Russell Huxtable could always be relied upon to recite Shakespeare at length when sage advice was required. These scenes were tailored specifically for Earle Hyman, who played Cliff’s dad. From the age of 13, Hyman devoured classic literature and stage plays.He developed a particular fondness for the work of Henrik Ibsen, and Hyman eventually spent enough time in Norway (Ibsen’s home) to become fluent in Norwegian and was awarded the prestigious Medal of St. Olav for his stage work there.

14. He was also the voice of Panthro

There's your ThunderCats connection.

15. Some of Bill's TV Family Were Named After Real-Life Family Members

Bill Cosby incorporated many names from his own real-life family into his sitcom relatives. He married Camille Olivia Hanks in 1964. In the show, Clair Huxtable’s maiden name was “Hanks,” and Denise’s precocious stepdaughter was named Olivia. His mother’s name was Anna, just like his TV mom. His younger brother Russell lent his name to the Huxtable granddad.

16. Who Was the Real Gordon Gartrelle?

Even today, whenever Malcolm-Jamal Warner attends a formal event, there’s always one wise guy who will ask him if he’s wearing Gordon Gartrelle. Theo’s lopsided yellow satin shirt with the two-tone pockets has become indelibly entwined with garish, ill-fitting couture. The original garment recently got a nod in an episode of Suburgatory, when George and Noah were sifting through boxes of old clothes in the attic. (“Are you kidding me?! It’s a Gordon Gartrelle. Keep!”) The real Gordon G. Gartrelle, by the way, was a writer and producer on the Cosby series.

17. The Uncola Man Choreographed A Season Opener

The Cosby Show was famous for changing its opening credits sequence every season. Season Five’s opening is unique because it is the only time throughout the series’ run that the entire cast is shown dancing together. The music was performed by the Oregon Symphony Orchestra, and the choreography was courtesy of Trinidadian-born actor, dancer, director and singer Geoffrey Holder. Many Baby Boomers remember Holder as the “Uncola Man” spokesman for 7-Up.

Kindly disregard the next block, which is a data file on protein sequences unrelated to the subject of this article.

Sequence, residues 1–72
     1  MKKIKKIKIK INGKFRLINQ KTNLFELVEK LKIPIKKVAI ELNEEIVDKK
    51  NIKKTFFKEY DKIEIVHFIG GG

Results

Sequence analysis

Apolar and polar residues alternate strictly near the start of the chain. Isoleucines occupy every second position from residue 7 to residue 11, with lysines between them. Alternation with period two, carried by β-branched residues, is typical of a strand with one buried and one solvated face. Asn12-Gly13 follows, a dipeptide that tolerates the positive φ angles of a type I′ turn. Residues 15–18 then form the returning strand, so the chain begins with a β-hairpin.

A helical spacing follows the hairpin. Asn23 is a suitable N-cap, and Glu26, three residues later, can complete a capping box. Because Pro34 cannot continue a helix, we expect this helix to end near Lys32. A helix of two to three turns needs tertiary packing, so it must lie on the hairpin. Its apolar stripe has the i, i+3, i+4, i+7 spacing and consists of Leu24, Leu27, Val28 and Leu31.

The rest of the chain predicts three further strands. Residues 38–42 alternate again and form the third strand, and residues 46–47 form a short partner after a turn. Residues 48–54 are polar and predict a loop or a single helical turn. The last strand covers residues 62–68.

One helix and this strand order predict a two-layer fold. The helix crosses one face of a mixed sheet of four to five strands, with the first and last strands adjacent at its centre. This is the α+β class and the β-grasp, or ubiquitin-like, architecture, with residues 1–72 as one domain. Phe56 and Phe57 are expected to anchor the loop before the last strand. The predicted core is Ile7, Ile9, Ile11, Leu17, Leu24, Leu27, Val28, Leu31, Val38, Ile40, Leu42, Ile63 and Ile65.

18. Nude Photos Helped Send Denise to Hillman College

Denise was the Wild Child among the Huxtables–she always wore the craziest fashions and dated boys her father couldn’t stand. Lisa Bonet sometimes tried Cosby’s patience even more than her character did, and she was often late for tapings or sometimes didn’t bother to show up at all.

The turning point for both actress and character came in 1986, when 19-year-old Bonet spent her hiatus co-starring in Angel Heart, a movie that had to edit many scenes in order to avoid an X rating. Topless photos of Bonet were being leaked to the media to promote the film, and Cosby had her much younger TV siblings to consider. Denise was the most popular Huxtable (according to the fan mail), so Cosby solved the problem by spinning her off into A Different World, a series set at Hillman College.

19. (Baby) Bumps in the Road

Bill Cosby didn't want to add infants to the series, so when Phylicia Rashad was pregnant during Season Three, extreme measures were used to conceal her burgeoning midsection. Clair was either conveniently away at a conference in Washington D.C. or confined to bed. This bed had a specially constructed mattress that was scooped out so her tummy wouldn’t make the covers protrude, and the contraption resulted in a pinched nerve in her back. The masquerade became downright bizarre, like in “Vanessa’s Rich,” when Clair is seated on the living room sofa with a giant teddy bear in front of her for no explained reason whatsoever.

And then Lisa Bonet, who had eloped with musician Lenny Kravitz on November 16, 1987, announced that she was with child early in 1988. A pregnant college freshman was not what the producers of A Different World had in mind, so Bonet was canned from that show and was rehired back on The Cosby Show for Season Five. Of course, she was outfitted in oversized jackets and loose-fitting wild-patterned shirts until Episode Five, where she conveniently was given permission by Cliff and Clair to accompany a photographer to Zaire for an extended assignment.

20. Peter's Horrible Stage Fright Caused His Awkwardness